Wearing a white "Kentucky Proud" apron and grinning from ear to ear, Democratic U.S. Senate candidate served fruit in the buffet line Thursday morning at the Kentucky State Fair's Commodities Breakfast.
And Conway was also dishing it out to Republican opponent Rand Paul.
"I'm running against someone quite honestly whose policies and positions would hurt Kentucky," Conway said.
Trailing in most polls, Kentucky's Attorney General is on the offense against Paul, but also defending his own position on whether to extend Bush administration tax cuts due to expire at the end of the year.
An apparent shift in Conway's position has been highlighted recently by a You Tube video which includes a portion of Conway's April interview by the Louisville Courier-Journal editorial board.
"I would favor letting expire probably the majority, the majority of the Bush tax cuts," Conway told the board.
After the Kentucky Farm Bureau candidate forum in July, however, Conway disclosed that he would prefer that the tax cuts not expire, instead he suggested to "extend them for some period of time, five, eight, ten years."
In an interview at Thursday's breakfast, Conway clarified his stance, explaining that while he still favors letting corporate tax breaks expire, he is also calling for the extension of other Bush tax cuts.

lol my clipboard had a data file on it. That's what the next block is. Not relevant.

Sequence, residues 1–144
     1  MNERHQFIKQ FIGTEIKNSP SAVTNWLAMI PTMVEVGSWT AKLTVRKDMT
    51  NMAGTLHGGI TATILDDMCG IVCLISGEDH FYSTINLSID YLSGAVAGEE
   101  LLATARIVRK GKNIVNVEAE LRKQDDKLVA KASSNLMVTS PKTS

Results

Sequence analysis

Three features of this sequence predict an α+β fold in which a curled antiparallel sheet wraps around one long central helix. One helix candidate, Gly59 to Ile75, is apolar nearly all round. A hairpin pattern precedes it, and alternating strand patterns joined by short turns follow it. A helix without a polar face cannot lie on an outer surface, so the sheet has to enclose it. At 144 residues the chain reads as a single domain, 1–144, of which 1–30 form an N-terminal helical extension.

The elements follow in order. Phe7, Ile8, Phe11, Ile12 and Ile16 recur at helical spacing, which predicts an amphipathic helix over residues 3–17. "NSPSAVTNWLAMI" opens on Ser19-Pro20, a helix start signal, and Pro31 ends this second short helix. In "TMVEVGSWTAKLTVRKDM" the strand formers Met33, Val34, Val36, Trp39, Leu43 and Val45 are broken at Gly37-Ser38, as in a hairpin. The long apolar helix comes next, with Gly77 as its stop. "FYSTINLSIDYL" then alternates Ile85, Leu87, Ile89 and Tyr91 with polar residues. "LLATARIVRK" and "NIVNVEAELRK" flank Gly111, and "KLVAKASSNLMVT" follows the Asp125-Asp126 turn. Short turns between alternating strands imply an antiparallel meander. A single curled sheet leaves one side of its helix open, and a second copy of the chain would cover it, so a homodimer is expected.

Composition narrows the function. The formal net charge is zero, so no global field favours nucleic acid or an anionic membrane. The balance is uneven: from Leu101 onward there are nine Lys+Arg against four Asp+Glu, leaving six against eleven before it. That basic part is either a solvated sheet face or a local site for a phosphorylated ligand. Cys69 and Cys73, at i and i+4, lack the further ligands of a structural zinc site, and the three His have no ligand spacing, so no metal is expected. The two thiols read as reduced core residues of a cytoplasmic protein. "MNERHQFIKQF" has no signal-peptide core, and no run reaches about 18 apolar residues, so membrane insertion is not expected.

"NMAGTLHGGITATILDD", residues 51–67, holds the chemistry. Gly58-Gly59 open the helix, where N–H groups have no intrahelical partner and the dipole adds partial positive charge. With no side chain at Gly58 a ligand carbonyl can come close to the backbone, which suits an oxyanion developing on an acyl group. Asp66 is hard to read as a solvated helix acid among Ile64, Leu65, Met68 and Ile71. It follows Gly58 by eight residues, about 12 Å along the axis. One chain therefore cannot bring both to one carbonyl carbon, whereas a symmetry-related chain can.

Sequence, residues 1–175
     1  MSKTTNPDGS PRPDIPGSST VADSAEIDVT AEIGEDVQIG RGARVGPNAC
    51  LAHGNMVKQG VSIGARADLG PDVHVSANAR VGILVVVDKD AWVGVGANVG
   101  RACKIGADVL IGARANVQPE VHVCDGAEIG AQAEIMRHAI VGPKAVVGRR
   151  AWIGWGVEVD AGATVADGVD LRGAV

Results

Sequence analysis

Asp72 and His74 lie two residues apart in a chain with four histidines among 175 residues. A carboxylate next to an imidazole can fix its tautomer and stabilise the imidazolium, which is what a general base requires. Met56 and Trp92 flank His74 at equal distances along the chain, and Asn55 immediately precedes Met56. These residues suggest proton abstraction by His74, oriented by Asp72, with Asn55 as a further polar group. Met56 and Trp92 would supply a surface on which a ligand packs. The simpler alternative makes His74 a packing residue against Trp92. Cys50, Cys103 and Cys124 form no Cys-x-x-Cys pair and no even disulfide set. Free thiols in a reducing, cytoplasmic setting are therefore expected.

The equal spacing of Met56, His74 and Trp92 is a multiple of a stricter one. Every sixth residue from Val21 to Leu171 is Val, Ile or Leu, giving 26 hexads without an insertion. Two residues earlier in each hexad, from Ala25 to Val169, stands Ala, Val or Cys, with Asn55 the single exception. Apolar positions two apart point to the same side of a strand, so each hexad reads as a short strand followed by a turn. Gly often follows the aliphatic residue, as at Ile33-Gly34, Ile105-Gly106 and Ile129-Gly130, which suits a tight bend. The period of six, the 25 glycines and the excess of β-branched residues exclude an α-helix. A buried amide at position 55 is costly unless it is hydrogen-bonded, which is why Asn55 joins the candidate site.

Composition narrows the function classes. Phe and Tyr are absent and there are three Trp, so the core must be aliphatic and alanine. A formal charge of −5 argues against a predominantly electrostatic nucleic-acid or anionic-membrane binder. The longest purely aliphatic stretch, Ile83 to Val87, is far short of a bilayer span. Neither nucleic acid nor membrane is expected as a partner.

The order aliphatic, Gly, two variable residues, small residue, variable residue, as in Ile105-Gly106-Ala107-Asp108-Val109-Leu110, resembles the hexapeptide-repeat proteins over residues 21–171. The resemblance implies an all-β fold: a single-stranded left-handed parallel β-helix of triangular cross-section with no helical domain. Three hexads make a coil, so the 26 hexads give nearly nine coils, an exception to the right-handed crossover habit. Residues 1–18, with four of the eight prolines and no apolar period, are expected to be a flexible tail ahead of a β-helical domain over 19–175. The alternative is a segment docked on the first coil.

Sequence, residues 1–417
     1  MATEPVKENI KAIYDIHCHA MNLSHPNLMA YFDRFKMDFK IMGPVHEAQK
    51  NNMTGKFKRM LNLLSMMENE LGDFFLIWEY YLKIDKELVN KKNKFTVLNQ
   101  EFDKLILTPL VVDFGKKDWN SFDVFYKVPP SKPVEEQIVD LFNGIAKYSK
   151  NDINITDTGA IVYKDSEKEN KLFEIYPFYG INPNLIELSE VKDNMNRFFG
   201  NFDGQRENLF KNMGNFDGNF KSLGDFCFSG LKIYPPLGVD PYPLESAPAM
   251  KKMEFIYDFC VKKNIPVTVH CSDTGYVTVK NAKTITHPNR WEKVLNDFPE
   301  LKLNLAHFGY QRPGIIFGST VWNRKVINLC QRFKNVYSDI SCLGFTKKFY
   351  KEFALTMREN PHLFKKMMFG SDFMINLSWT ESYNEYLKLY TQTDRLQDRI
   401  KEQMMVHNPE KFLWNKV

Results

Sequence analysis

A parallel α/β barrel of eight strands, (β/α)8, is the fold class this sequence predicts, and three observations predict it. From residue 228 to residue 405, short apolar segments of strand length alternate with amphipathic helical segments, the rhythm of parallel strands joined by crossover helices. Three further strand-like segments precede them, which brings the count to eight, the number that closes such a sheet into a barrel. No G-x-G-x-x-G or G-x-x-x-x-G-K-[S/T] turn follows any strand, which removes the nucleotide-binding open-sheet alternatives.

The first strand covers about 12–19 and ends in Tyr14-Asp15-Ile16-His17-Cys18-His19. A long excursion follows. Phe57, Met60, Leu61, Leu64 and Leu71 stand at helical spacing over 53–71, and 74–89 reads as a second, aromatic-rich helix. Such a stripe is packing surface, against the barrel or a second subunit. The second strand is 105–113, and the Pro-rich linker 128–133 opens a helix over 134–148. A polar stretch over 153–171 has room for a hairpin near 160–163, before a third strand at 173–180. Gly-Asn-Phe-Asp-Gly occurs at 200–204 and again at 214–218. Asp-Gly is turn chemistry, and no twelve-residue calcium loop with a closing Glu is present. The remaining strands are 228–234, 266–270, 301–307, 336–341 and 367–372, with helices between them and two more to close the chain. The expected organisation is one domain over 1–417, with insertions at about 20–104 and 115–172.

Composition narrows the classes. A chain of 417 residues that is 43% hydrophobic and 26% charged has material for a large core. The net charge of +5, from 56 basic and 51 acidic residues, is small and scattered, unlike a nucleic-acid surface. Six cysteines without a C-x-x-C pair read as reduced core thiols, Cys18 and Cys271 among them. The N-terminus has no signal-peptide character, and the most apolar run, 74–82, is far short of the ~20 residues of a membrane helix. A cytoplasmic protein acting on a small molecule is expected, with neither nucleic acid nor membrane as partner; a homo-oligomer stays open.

Asked how he reconciles his current position with the April interview, Conway responded, "the way I reconcile it, is my focus is on individual income tax rates. It's on capital gains. It's on estate taxes and those areas. I don't think it's wise to raise taxes during the recession like we're in."
In a statement earlier this week, Kentucky Republican Party Chairman Steve Robertson railed against the Obama administration's preference to let the tax cuts expire, linking Conway to the policy and the administration.
“Jack Conway can’t be trusted to maintain a single position on the issues affecting Kentuckians," Robertson said, "and he can’t be trusted to protect our wallets from President Obama’s reckless economic agenda in Washington."
Yet, Conway says he's been consistent on the issue because he favored the tax breaks when he ran for Congress in 2002.
"I think the tax breaks that deal with corporations, that deal with shipping jobs overseas, that are fundamentally unfair, those are the ones that I want to see expire," Conway continued, "but as for raising taxes on individuals on estates and capital gains during a recession, I'm not for that."
Conway is also distancing himself from President Obama's support of the construction of a $100 million mosque and Islamic community center two blocks from the site of the September 11 terrorist attacks.
"I think fundamentally," Conway said, "it's an issue for New York. I understand Gov. Patterson is involved in trying to relocate it. I just think that our mindset ought to foremost be with the families of the victims of 9/11 and for that reason I would prefer to see the mosque built elsewhere."
Several days ago, Paul also spoke out against the mosque.
"I think if we were looking at reconciliation," Paul stated, "and if the Islamic community in our country wants to say, 'you know what? we don't agree with these people who committed violence,' I think a better way would probably be for them to donate to the memorial site."